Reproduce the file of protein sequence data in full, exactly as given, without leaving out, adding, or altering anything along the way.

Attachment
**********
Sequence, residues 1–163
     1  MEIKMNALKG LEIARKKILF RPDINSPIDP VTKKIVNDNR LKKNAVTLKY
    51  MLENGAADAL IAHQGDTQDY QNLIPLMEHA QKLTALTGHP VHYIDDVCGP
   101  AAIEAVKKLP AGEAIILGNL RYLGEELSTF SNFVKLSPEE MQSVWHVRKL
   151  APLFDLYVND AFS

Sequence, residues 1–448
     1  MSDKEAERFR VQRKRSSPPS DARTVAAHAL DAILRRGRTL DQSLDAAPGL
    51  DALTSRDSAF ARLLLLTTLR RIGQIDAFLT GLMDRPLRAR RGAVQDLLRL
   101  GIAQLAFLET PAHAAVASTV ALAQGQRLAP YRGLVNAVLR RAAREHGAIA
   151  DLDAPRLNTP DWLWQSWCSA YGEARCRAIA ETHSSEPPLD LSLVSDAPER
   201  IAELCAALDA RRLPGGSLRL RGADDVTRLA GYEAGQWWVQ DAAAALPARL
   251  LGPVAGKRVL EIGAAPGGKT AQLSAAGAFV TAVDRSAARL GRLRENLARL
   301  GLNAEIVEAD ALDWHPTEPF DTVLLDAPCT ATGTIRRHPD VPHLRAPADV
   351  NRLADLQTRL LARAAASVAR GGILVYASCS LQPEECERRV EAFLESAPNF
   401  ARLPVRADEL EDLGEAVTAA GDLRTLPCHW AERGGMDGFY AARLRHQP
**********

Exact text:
Sequence, residues 1–163
     1  MEIKMNALKG LEIARKKILF RPDINSPIDP VTKKIVNDNR LKKNAVTLKY
    51  MLENGAADAL IAHQGDTQDY QNLIPLMEHA QKLTALTGHP VHYIDDVCGP
   101  AAIEAVKKLP AGEAIILGNL RYLGEELSTF SNFVKLSPEE MQSVWHVRKL
   151  APLFDLYVND AFS

Sequence, residues 1–448
     1  MSDKEAERFR VQRKRSSPPS DARTVAAHAL DAILRRGRTL DQSLDAAPGL
    51  DALTSRDSAF ARLLLLTTLR RIGQIDAFLT GLMDRPLRAR RGAVQDLLRL
   101  GIAQLAFLET PAHAAVASTV ALAQGQRLAP YRGLVNAVLR RAAREHGAIA
   151  DLDAPRLNTP DWLWQSWCSA YGEARCRAIA ETHSSEPPLD LSLVSDAPER
   201  IAELCAALDA RRLPGGSLRL RGADDVTRLA GYEAGQWWVQ DAAAALPARL
   251  LGPVAGKRVL EIGAAPGGKT AQLSAAGAFV TAVDRSAARL GRLRENLARL
   301  GLNAEIVEAD ALDWHPTEPF DTVLLDAPCT ATGTIRRHPD VPHLRAPADV
   351  NRLADLQTRL LARAAASVAR GGILVYASCS LQPEECERRV EAFLESAPNF
   401  ARLPVRADEL EDLGEAVTAA GDLRTLPCHW AERGGMDGFY AARLRHQP